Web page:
While the gang tries to find details of his whereabouts, the police get involved as well.  The police learn that Robbie had a history with Mazes and Monsters, and the gang hides their involvement so as not to be implicated.  The police somehow learn of the cavern campaign, and a detective poses to Daniel the theory that one of Robbie’s fellow gamers killed him in the cavern.

Daniel says, “That’s pretty far out.”

The detective replies, “Mazes and Monsters is a far out game.”

Solid line.

The gang realizes that Robbie’s mentions of “The Great Hall” are referring not to a place but to his missing brother who was also named Hall.  We see Robbie in New York City, still in character, looking for The Great Hall.  He’s chased by some local toughs and ends up in an alleyway. Reality and Fiction fall on top of each other and he accidentally kills one of them.

He calls Kate in a panic, who tells him to head to JJ’s family’s house in the City to wait for them.  Robbie doesn’t follow this advice and continues to amble around. The friends arrive in New York and quickly realize that “The Two Towers” refers to the World Trade Center, and that Robbie is heading there to jump off and join his brother, “The Great Hall”.

They all run into each other on the roof of the World Trade Center and, in character, talk Robbie down. JJ uses his authority as dungeon master to convince Robbie that this is a game, and Robbie snaps back to reality. And gives the first of what will be many classic Tom Hanks sad faces.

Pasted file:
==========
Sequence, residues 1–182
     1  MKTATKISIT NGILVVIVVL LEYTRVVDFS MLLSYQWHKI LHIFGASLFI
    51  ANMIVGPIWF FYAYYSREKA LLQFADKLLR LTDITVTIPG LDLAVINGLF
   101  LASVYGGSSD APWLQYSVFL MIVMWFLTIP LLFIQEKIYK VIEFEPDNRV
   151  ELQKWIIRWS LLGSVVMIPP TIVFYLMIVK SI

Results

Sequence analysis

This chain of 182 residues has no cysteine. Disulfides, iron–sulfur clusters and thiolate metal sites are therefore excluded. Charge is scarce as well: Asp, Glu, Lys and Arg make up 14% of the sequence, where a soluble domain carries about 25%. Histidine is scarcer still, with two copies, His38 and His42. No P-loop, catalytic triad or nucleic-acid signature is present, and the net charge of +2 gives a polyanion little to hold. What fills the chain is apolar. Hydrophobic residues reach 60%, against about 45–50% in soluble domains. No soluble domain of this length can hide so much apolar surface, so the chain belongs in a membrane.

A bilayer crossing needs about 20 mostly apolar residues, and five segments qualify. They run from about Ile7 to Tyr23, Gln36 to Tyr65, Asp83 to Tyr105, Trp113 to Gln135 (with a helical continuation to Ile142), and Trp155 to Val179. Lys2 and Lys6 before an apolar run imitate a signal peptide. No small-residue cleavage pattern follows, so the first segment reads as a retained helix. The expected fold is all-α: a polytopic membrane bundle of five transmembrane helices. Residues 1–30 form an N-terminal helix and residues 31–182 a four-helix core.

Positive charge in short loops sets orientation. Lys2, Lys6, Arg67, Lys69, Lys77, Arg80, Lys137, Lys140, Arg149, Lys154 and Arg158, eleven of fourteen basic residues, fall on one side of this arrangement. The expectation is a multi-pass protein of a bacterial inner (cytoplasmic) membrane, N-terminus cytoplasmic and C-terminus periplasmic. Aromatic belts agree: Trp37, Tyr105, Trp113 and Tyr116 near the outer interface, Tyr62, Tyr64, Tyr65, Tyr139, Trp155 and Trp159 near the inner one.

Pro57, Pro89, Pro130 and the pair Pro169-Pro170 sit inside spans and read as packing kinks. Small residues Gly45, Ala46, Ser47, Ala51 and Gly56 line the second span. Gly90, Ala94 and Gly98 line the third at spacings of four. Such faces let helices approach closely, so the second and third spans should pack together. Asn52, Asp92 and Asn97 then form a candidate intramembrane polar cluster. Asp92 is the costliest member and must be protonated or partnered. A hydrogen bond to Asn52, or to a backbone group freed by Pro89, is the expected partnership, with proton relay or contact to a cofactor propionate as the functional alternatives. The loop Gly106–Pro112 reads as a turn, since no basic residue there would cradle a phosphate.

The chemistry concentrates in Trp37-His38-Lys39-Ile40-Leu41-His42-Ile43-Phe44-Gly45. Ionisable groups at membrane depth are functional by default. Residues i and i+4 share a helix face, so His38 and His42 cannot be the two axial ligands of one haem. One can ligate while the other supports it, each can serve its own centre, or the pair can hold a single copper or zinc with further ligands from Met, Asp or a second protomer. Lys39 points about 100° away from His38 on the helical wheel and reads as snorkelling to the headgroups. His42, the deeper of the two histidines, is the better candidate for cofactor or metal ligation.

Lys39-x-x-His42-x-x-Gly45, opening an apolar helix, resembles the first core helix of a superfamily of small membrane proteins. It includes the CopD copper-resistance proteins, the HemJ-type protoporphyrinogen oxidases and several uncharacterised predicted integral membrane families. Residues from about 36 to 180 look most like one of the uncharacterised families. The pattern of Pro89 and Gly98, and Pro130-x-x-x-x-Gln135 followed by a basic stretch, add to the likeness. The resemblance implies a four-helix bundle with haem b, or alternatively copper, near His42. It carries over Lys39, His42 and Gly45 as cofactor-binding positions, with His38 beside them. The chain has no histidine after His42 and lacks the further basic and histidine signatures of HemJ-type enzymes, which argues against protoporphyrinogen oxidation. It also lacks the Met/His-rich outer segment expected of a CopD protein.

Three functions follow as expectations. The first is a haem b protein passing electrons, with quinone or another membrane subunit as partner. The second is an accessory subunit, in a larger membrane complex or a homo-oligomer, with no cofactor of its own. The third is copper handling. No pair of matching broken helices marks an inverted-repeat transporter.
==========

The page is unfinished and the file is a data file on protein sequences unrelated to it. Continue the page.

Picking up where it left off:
Epilogue: three months later. Kate is basically writing Mazes and Monsters: the book of the TV Movie. The gang visits Robbie at his family’s house, where he is taking time off of school to get his head straight. They meet him in the backyard and prepare for a special reunion….only to learn that Robbie is still trapped in his character.  They play the game one last time.

This whole movie seems like it was written by somebody who read the sensationalist headlines of the day regarding the dangers of Dungeons and Dragons and not much more. It’s an interesting interpretation of the form that someone’s concerns about losing a child to D&D might have taken in the 1980s.  It’s also interesting because, despite the hokey story, Tom Hanks is actually pretty good in this. He makes it worth watching.

Roll for initiative and see for yourself.

 

SEGA Game Gear Commercials

How do you sell your superior handheld device if you’re not Nintendo? Throw a bunch of jabs at Nintendo! These ’90s SEGA Game Gear commercials are quick to push their full color  and game library, but don’t necessarily bring up their four-minute battery life.

 

Moonstones Cereal

An alien race called the Moonbeams are mining moonstones from our Moon. The Moonbums are trying to steal the recipe for the moonstones.  Do you need recipes for things that are mined? This is a really complicated cereal.